FUNNY FACTS ABOUT REINDEER MOSS
Reindeer Moss, also known as Polar Moss, Caribou Moss, and Reindeer Lichen is a bushy, branched lichen found in great abundance in Arctic lands. It is an erect, many-branched plant that grows up to 10 cm high, covers immense areas, and serves as pasture for reindeer, moose, caribou, and musk oxen. The Reindeer and Caribou seek it out by its fragrant scent, then paw the snow until the Reindeer Moss is revealed. It has been noted that in these desolate areas, only the Reindeer or the Reindeer Moss can survive. Not both.
Reindeer Moss is a slow growing plant that grows by 3-5mm per year. Its periods of most rapid growth are spring and fall when high humidity and cool temperatures prevail.
Lichens can grow in very inhospitable conditions. They take advantage of the “leftover spots” of the natural world that are too harsh or limited for most other organisms. They can grow in very hot or cold temperatures and can go without water for long periods. They dry out and go dormant when there is little water or light. They can begin to grow again even after very long periods of dormancy.
During the Middle Ages lichens figured prominently as the herbs used by practitioners. Northern native people used it to treat colds, arthritis, fevers and other problems. It was also used as a poultice to relieve the aches of arthritic joints. In addition, it could also help with constipation, convulsions, tuberculosis and a useful remedy of whooping cough.
In the 1800’s Sweden led the world in lichen alcohol production where the rest of Europe and Russia followed. It was seen as an alternative to grain alcohol. Lichen brandy was very popular, and was also used in the making of Akvavit, a traditional caraway-flavoured spirit. Russia also made molasses (black treacle); this was made from lichen crowns. Most lichen contain 94% carbohydrates, but due to their growth on rocks and stones, result in a rock dissolving acid that can burn your insides.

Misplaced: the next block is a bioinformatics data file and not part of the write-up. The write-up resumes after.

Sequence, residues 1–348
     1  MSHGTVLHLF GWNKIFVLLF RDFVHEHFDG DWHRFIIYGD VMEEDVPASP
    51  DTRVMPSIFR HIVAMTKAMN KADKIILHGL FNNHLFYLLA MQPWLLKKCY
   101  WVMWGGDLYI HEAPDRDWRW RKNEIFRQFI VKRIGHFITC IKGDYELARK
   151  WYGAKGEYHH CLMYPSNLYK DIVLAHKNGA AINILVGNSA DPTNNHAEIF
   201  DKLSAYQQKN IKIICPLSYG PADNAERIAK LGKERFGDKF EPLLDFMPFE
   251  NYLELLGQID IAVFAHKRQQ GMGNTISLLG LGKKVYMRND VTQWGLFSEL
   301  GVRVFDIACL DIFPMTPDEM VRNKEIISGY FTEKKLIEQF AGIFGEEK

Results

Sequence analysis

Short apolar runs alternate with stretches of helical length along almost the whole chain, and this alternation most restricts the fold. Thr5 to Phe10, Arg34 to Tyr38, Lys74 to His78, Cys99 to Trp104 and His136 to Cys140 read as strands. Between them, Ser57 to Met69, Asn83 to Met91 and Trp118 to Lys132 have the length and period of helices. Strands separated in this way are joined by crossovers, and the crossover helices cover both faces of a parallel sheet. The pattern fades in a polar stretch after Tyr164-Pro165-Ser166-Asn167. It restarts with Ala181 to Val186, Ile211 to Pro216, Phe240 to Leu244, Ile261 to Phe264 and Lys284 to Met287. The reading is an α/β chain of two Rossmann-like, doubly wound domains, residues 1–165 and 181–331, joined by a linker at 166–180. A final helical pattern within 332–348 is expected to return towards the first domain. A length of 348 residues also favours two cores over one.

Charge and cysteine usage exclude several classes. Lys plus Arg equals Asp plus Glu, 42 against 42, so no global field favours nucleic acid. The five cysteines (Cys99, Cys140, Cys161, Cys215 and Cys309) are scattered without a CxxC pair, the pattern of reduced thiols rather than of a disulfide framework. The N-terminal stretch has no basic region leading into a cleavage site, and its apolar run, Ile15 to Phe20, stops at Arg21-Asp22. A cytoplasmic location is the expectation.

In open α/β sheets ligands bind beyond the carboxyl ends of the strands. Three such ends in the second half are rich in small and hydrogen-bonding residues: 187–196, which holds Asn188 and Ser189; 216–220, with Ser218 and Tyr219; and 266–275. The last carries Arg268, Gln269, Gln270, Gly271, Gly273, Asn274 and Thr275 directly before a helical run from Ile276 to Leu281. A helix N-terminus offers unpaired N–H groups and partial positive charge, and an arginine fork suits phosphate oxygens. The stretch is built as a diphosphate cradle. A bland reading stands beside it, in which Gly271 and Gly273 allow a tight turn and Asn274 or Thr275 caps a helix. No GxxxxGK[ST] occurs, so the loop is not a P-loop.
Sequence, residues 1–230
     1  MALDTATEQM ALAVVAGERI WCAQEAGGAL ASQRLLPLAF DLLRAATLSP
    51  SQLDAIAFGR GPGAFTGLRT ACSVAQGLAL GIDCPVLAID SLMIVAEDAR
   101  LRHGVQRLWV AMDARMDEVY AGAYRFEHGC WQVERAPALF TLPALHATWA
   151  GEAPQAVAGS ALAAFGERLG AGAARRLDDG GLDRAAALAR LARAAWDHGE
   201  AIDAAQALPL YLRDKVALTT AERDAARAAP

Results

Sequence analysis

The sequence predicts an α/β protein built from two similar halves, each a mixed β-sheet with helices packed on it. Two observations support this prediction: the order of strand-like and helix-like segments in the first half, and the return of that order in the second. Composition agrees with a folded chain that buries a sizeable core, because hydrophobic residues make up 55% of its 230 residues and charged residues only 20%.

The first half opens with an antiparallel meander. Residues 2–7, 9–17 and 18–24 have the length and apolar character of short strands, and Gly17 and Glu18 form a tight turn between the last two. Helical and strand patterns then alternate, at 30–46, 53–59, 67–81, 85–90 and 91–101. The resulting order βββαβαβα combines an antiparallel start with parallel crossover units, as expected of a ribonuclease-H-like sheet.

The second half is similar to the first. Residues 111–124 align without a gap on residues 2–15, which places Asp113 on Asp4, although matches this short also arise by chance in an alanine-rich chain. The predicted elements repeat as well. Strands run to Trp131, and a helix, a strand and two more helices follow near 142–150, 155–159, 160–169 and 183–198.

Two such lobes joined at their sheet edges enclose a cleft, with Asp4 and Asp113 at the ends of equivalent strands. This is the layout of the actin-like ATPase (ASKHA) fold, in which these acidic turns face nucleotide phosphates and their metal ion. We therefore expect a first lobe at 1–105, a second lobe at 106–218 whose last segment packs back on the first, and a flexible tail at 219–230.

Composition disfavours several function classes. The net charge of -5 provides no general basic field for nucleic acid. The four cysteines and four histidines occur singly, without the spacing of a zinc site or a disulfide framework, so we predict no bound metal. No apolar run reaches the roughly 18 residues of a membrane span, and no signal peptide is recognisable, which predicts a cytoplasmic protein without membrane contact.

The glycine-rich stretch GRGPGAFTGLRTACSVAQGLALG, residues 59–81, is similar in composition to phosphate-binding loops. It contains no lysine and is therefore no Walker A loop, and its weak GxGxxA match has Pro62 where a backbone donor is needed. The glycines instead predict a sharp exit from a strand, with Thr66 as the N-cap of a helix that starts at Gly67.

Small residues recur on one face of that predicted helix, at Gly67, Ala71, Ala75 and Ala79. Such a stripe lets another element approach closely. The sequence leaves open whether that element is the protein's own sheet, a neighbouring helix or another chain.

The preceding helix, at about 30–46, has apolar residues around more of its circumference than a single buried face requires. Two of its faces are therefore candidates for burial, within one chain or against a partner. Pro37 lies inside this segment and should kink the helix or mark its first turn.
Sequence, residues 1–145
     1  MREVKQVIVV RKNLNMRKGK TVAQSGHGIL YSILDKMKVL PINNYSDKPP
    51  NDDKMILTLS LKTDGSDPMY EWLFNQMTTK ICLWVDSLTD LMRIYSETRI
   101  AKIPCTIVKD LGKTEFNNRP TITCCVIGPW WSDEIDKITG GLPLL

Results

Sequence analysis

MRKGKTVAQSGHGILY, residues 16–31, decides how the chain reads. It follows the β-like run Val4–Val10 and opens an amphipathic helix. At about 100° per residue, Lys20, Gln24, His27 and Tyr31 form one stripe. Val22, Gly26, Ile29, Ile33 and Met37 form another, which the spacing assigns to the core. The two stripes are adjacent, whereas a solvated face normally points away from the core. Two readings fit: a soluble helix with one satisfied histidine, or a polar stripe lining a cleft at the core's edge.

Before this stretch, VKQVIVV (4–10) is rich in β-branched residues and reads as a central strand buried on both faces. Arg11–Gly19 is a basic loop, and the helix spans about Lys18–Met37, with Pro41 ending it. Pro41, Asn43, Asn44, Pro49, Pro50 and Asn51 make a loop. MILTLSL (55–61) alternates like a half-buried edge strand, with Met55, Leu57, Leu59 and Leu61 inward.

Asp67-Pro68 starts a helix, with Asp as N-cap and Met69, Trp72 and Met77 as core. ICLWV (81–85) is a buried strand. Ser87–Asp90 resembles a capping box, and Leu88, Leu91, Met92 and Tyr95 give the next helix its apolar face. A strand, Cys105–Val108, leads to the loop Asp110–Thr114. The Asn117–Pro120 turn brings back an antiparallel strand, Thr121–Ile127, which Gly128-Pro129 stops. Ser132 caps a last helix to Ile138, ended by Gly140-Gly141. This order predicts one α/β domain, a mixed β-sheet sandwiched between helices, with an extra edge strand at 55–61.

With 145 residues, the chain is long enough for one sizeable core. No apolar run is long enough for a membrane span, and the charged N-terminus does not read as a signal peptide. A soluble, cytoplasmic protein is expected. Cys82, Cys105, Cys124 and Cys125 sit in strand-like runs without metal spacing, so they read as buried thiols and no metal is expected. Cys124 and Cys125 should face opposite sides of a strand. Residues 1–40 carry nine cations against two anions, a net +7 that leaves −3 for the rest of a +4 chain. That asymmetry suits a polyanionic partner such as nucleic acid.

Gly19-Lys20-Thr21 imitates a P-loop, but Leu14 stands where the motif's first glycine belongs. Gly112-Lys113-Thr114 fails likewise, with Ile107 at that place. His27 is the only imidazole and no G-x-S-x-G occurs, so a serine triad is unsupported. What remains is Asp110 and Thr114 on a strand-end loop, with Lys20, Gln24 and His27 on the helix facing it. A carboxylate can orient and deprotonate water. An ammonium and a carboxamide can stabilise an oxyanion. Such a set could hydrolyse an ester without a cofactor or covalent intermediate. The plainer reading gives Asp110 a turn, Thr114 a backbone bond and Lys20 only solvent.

Is it edible?
Most lichen are likeable, but not exactly consumer friendly. What the lichen all share is acid and as such require proper preparation if they are to be eaten because unprepared and uncooked they will painfully attack your digestive track. Unprepared lichen taste like aspirin. That should motivate you to prepare it correctly. Never eat unprepared and raw lichen unless your life truly depends upon it. It will probably not kill you, but you will wish it had.
Indigenous people of the Arctic known as Dene would eat reindeer lichen by killing the reindeer and harvesting its stomach, after the animal had consumed reindeer moss. They would remove the animal’s stomach and make sure it was full of reindeer moss, then add the animal’s blood. The mixture is allowed to ferment for a few days before they cook and eat it.
Reindeer moss was used to kill wolves by early setters. They would stuff a dead chicken with reindeer lichen, causing the wolf to consume the chicken and inadvertently digest the reindeer moss. Once within the wolf’s digestive tract the reindeer moss would be broken down and form usnic acid crystals, found in lichen. The crystals would cut up the wolf’s digestive tract and kill the animal.
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